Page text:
Have bearish investors gotten ahead of themselves regarding buying gold and Treasuries? One strategy some people (who are bearish about stocks) use is to buy gold and long-term Treasuries with the expectation that they will go up in value when stocks crash. The problem is that if too many stock market bears did this then they would make the price of gold and bonds too high to make this strategy succeed.
Gold should only be roughly 1,000 based on its long-term pattern of appreciating in line with CPI inflation; instead it has been around $1,500. Perhaps the $500 “excess” price is like a long-term put on stocks? If a repeat of the crash of 2008 occurs perhaps gold will go to 1,900, repeating its performance in the crisis of 2008-2011. If that happens then half of the estimated future upward move has already occurred, even though there is currently no recession.
Long term Treasury prices tend to go up during a crisis, mainly because yields go down in anticipation of an economic slowdown. But if today’s ultra-low yields (negative in Germany and Japan) have already moved low enough to anticipate and reflect a future recession, then that implies yields may not go down much more. I anticipate that the economic authorities in most countries have secretly burned out on using negative rates and QE and they realize these are dangerous for banks, insurance companies, and retirees. Thus, a recession next year may not result in huge drops in yields for long term Treasuries.
Probably the best way to express an opinion that stocks are too high is to simply buy put options, which are cheaper than usual since stocks have gone up so much that the market seems to have forgotten that stocks can also go down. The SP’s PE10 is 30, and is at the 99th percentile, tying with the bubble of 1929 and 2000. It is at the 3rd standard deviation, which is scary statistic. A normal PE10 should be half of that, implying a 1,500 SP index, half of the current price.
Short selling is very risky since the best shorting candidates are insanely bubbly companies where their bubble can get even bigger to go to an even more absurdly high price. Short sellers have to pay to borrow a stock and reimburse the lender for their lost dividend, thus shorting can have a very expensive carrying cost.
The admirers of gold claim that if the funds generated in QE were to leak into the economy that this would cause inflation, but they can’t leak any more than the chance that a Billionaire will give you a significant portion of his wealth. The QE funds are trapped in the accounts of wealthy investors who sold bonds to the Fed; then these investors used it to buy other investments (trading with other affluent investors who don’t need to spend down assets for living expenses) and thus the holders of QE cash didn’t spend the newly printed money on consumption. Thus the gold admirers theory that all the QE funds will somehow go into consumption causing inflation, and in turn causing a giant surge in gold prices, is unlikely.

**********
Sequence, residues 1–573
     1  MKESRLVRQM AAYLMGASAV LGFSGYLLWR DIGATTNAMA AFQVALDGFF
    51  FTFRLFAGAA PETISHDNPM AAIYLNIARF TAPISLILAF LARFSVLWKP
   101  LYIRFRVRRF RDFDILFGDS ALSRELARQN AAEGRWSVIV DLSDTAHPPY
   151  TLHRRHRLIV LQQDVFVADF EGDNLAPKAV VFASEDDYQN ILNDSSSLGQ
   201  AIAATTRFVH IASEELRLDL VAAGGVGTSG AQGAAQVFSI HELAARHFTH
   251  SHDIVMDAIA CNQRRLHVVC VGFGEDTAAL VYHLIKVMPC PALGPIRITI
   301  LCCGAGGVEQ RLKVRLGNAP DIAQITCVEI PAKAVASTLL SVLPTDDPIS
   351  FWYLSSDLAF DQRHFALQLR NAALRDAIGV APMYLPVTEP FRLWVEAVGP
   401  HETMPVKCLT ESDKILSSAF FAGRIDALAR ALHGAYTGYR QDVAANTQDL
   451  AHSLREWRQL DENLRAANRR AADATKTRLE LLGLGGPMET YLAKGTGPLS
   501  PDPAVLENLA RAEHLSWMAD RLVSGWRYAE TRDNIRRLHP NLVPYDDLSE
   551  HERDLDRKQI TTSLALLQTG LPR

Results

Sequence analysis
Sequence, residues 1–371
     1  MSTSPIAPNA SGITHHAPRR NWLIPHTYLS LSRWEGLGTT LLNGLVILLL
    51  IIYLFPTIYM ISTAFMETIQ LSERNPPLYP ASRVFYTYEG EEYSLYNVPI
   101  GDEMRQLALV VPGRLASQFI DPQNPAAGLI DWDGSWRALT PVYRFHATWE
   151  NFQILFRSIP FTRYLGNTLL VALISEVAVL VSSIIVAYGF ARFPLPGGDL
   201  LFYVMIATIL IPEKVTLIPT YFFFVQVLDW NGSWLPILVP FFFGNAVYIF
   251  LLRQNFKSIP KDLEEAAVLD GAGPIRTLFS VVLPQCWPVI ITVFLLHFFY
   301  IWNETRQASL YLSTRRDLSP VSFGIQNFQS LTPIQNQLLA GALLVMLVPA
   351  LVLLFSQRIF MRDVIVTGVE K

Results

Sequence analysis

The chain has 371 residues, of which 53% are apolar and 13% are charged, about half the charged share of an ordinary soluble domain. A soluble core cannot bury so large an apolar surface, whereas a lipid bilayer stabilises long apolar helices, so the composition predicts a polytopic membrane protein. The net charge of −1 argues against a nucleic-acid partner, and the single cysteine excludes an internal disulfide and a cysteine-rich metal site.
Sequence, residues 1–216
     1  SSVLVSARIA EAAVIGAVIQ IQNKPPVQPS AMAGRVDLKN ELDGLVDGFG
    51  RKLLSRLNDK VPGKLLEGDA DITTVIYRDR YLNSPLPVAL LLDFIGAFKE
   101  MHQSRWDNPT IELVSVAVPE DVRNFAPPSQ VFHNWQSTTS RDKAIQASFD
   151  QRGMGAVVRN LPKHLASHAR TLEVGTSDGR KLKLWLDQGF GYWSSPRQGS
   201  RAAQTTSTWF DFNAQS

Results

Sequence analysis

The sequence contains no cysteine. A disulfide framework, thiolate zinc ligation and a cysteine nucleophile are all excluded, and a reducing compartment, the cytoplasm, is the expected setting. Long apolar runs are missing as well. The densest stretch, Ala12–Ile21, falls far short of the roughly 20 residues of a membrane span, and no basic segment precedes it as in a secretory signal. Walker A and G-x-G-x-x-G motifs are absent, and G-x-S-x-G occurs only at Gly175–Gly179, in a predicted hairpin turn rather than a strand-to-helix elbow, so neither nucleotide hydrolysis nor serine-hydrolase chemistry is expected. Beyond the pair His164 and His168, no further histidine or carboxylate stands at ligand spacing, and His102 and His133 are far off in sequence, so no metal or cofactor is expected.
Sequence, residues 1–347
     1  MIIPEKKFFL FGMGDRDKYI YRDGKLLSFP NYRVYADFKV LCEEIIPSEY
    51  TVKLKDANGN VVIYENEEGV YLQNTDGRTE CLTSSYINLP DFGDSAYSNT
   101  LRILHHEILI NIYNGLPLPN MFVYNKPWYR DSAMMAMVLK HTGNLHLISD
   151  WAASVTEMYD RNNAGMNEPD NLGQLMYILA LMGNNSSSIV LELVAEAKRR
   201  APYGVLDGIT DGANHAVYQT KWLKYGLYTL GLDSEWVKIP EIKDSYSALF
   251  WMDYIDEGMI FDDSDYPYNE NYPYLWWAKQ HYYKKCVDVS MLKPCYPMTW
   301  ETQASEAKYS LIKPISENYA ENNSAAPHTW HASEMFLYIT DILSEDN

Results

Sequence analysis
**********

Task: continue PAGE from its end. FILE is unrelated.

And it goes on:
The danger investors face is if they fall in love with gold and claim it is OK to buy at any price they may make mistakes and overpay and miss out on other opportunities.
Perhaps the federal budget deficit will get bigger after the next two recessions some 11 years from now to the point where the government tries to have far too much of its spending from simply monetizing the debt. But first we have to go through two big recessions which would provoke the authorities to engage in massive deficit fueled stimulus.
Much of the concern with the federal budget is either pensions or Medicare for people over age 65. If people decide to keep working a long time and are using an employer’s insurance this will lighten the burden on Medicare and Social Security. As people move into sophisticated office jobs and away from simple blue collar work then working many years may be more acceptable. Retirement at age 65 or younger may be a necessity for blue collar workers but many professionals enjoy working for a long time in order to get intellectual stimulation. If this happens then the federal deficit will get less worse and the gold admirers may tire of yieldless assets, that cost a small amount to hold, while their friends earn a few percent on bonds. Assuming the economy backs away from negative yields, after the next recession, this will act to draw attention away from gold and toward other assets.
Investors need independent financial advice about the risks of using gold and Treasuries to hedge against a stock market crash.